Thursday, March 13, 2014

Temple Basin

Where are we heading?
This past week, Stephen volunteered to help out on the annual biology trip up to Temple Basin. This is a three day trip all year 12 biology students go on to examine alpine plant ecology and complete a test on the subject. While Hector and I were welcome to come along, I felt it might be a bit busy for us so on Monday morning Stephen headed off for Arthur's Pass without us. Hector and I spent the day playing, shopping, and constantly asking about Dada.

In the evening, I received an email from Stephen re-inviting us out to join them - apparently, they had power, internet, and a lack of small children. So, after putting Hector to bed (again, constantly asking where Dada was), I put together some clothes, the backpack, and a lunch to eat on the road to Temple Basin. The next day, despite (or perhaps because of) a tough night of wakefulness, we got into the car and drove out of town.

Heading up towards the basin.

Coming up to the old DOC hut.
Hector and I left a cloudy and drizzly Christchurch mid-morning and arrived in full sun at the Temple Basin parking lot by lunch time - just in time to see Stephen coming off the bottom of the trail to meet us. So while Stephen got all our gear out and ready, Hector and I ate a quick lunch. Then we gathered ourselves up and headed up the trail.

Looking back into Arthur's Pass halfway up the trail
The trail up to the Temple Basin lodges runs up the top of a ridge in a steep zig-zag. Loose stone paves the often precarious feeling trail, lined on either side with tussocks and craggy stone. On some of the steeper parts, old rail ties have been banged into the slope to form steps. While I'm sure these were meant to help, they were sometimes quite high and challenged even the most persistent of pregnant ladies. Despite this, we eventually made it to the first of the three huts at the base of the basin, built by DOC (Department of Conservation), but now owned by the Canterbury Mountaineering Club. The hut has fallen into disrepair and completely belie the state of the other two huts owned by the Temple Basin Ski Club and the University of Canterbury Ski Club.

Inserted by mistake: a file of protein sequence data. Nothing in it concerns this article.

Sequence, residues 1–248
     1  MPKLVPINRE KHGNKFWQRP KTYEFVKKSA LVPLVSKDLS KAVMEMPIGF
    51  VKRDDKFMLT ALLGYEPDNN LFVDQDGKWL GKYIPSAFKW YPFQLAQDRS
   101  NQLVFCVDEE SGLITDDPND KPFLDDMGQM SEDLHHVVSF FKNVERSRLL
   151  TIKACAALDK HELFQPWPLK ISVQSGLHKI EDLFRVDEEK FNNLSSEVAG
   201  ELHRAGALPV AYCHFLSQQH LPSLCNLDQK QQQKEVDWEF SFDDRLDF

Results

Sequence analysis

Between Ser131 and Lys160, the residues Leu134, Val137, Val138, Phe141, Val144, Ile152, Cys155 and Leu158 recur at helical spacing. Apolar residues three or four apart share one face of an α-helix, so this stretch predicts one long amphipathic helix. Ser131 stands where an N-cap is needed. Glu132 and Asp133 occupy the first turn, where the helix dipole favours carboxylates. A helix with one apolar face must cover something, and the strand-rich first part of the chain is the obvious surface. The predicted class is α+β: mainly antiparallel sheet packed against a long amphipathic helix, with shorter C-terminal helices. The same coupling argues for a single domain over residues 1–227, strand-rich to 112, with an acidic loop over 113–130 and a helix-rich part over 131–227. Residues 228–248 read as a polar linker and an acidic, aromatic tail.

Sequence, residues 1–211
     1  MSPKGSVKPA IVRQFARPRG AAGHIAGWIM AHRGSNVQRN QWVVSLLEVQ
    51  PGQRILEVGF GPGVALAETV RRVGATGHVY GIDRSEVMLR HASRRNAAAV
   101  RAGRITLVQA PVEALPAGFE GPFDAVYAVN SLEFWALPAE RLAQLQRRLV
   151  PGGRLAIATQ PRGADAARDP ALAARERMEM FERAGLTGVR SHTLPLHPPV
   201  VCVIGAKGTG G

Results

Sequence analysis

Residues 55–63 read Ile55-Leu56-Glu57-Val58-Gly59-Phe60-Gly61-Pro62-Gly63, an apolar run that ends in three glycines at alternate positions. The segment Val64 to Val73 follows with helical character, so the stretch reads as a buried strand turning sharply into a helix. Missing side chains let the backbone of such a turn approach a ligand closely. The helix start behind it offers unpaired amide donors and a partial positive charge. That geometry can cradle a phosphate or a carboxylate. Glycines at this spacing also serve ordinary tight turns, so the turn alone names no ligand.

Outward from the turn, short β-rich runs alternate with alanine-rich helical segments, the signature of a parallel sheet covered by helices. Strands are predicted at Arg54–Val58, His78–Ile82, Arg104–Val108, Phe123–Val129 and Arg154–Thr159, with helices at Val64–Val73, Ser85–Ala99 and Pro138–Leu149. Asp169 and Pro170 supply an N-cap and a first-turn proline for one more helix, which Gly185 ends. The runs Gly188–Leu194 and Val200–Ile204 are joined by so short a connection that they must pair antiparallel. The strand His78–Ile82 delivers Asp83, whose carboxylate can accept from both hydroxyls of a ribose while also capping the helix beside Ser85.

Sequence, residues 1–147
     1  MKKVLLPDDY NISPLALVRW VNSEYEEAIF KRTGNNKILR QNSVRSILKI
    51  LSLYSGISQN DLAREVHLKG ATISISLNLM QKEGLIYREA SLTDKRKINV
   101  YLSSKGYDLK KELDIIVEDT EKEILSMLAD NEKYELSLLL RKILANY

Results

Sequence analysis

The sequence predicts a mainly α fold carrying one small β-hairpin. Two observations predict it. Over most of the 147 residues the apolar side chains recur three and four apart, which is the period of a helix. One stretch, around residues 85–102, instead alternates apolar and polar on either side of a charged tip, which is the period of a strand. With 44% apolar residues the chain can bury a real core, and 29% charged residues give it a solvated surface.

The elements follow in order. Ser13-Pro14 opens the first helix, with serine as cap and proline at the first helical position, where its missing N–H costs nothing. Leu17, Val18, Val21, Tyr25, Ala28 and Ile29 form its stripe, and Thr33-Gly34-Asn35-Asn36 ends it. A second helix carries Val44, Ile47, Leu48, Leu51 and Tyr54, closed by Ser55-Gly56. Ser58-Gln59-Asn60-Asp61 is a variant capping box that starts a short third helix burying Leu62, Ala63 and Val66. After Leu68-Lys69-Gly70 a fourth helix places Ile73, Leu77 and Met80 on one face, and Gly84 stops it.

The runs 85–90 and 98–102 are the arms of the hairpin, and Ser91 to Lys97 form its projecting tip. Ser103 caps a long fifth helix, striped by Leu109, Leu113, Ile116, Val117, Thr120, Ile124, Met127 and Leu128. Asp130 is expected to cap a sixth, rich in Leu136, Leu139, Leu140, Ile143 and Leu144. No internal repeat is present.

Temple Basin Lodge

Scrambling up the hill
We arrived while most of the students were still out on their guided hike up to the top of the ridge. This meant we could settle in and get our bearings without 60 kids around. Hector loved scrambling about on the rocks, completely different from walking at home. We explored around the back of the huts and watched as the students came down from their hike.

After dinner, we stepped out while the students did their test and we got onto the bedtime routine. The steep mountain valley made for a darker evening than usual, but it also meant we got to admire the stars a little earlier than we would at home (let alone see a few more).

Heading back down into the valley
The next morning, after a busy morning of cooking and cleaning and packing up, Hector and I headed down the mountain with two of the slowest students. We finally made it down along with everyone else, chasing the fog as it was blown out of the valley. Once all the students were on the bus, Stephen, Hector, and I packed up the car and headed back into town. It had been an awesome two days and we were all glad we had made it out.

One happy, sweaty family

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